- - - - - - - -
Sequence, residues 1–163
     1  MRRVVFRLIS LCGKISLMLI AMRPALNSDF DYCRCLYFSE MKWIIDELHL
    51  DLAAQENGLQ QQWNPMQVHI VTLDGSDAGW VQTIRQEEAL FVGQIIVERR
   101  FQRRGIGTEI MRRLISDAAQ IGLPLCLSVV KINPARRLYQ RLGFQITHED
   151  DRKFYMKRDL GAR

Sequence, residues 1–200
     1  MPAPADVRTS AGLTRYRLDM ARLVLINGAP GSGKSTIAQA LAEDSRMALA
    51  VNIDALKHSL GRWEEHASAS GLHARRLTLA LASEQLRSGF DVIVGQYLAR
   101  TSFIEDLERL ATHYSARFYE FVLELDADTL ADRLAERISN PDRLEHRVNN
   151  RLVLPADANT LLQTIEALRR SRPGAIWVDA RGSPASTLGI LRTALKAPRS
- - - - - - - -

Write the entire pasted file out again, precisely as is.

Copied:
Sequence, residues 1–163
     1  MRRVVFRLIS LCGKISLMLI AMRPALNSDF DYCRCLYFSE MKWIIDELHL
    51  DLAAQENGLQ QQWNPMQVHI VTLDGSDAGW VQTIRQEEAL FVGQIIVERR
   101  FQRRGIGTEI MRRLISDAAQ IGLPLCLSVV KINPARRLYQ RLGFQITHED
   151  DRKFYMKRDL GAR

Sequence, residues 1–200
     1  MPAPADVRTS AGLTRYRLDM ARLVLINGAP GSGKSTIAQA LAEDSRMALA
    51  VNIDALKHSL GRWEEHASAS GLHARRLTLA LASEQLRSGF DVIVGQYLAR
   101  TSFIEDLERL ATHYSARFYE FVLELDADTL ADRLAERISN PDRLEHRVNN
   151  RLVLPADANT LLQTIEALRR SRPGAIWVDA RGSPASTLGI LRTALKAPRS